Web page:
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February 9, 2010

  • BofA Under Fire, Pt.2
      Unveiling of a deal gone bad.

    Previous...

    On January 16, 2009, the Treasury Department announced that Bank of America, the world's largest credit card company, requested and will receive an additional $20 billion in taxpayers' money from the U.S. Government's Troubled Asset Relief Plan (TARP). The money is expected to help the credit card company complete its merger with Merrill Lynch. The bank had already received $25 billion in TARP funds; $15 billion was acquired in October, 2008 and another $10 billion was injected into the company when the Merrill Lynch merger was completed on the first of January 2009. It was reported that the credit card giant grew more concerned about the state of affairs at Merrill and that they took the action to avoid a "systemic risk." The announcement sent BofA's stock sinking downward by 18 percent.

    On February 11, 2009, BofA's Ken Lewis along with the CEOs from seven other credit card companies and banks that also received taxpayers' money from the TARP program were called to testify in Washington, D.C. regarding the use of the TARP funds pertaining to bonuses. Lewis was questioned by the House Financial Services Committee about the Merrill Lynch bonuses. He told the committee that the BofA bank and credit card company was paying reduced bonuses. Furthermore, Lewis told the committee that the bank had urged Merrill to cut bonuses for top executives. However, he noted that BofA had no legal right at the time to tell Merrill what to do, since it was still an independent company.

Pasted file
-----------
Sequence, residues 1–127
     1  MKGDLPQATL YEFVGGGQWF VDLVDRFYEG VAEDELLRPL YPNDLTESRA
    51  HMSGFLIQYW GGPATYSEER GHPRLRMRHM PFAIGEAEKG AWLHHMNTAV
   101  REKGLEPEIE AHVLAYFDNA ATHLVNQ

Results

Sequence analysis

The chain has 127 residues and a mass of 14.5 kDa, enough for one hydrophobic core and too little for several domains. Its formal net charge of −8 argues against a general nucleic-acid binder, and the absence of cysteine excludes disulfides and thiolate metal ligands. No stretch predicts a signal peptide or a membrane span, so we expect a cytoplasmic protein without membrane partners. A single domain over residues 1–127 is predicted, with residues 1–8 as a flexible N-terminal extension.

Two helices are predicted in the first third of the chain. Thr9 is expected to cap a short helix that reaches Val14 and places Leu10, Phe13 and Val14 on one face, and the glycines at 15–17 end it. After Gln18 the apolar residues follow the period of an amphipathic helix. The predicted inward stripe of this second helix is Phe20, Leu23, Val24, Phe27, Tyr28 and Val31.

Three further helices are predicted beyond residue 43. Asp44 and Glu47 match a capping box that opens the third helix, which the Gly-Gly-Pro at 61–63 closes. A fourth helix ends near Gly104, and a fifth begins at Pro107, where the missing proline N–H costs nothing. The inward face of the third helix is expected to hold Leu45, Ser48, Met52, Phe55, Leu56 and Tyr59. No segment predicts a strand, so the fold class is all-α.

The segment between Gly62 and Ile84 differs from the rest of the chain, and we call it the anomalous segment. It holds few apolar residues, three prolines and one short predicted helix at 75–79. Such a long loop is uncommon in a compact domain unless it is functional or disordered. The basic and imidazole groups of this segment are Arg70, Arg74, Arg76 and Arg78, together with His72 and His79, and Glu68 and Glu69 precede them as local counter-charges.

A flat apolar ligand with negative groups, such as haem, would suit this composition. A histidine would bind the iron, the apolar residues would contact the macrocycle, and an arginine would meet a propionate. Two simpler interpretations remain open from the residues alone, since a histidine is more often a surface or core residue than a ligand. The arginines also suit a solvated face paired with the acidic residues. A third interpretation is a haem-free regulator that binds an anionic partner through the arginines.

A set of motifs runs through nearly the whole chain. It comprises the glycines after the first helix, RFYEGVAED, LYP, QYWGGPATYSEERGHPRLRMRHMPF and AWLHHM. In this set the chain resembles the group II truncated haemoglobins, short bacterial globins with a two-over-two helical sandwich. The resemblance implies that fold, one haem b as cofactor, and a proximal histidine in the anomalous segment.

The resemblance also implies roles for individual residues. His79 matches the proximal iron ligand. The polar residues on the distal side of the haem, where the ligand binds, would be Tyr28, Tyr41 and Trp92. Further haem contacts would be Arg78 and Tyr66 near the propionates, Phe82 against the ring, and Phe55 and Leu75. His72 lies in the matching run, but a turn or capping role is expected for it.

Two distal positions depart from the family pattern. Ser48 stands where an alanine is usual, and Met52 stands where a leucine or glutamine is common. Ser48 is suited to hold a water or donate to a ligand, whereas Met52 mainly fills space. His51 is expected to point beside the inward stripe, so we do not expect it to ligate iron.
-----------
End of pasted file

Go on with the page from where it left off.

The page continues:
Shortly after stockholders in Atlanta took aim at the credit card magnet, North Carolina's Attorney General, Roy Cooper launched his own investigation into the bonuses Bank of America (BofA) paid Merrill Lynch executives. In February, 2009, Cooper demanded that BofA disclose the amount paid as well as an explanation "as to the appropriateness of any bonuses while public money is being provided to the bank." Cooper's demands required the bank produce records pertaining to the bank's bonuses as well as Merrill Lynch's by March 4, 2009.

    Continued...
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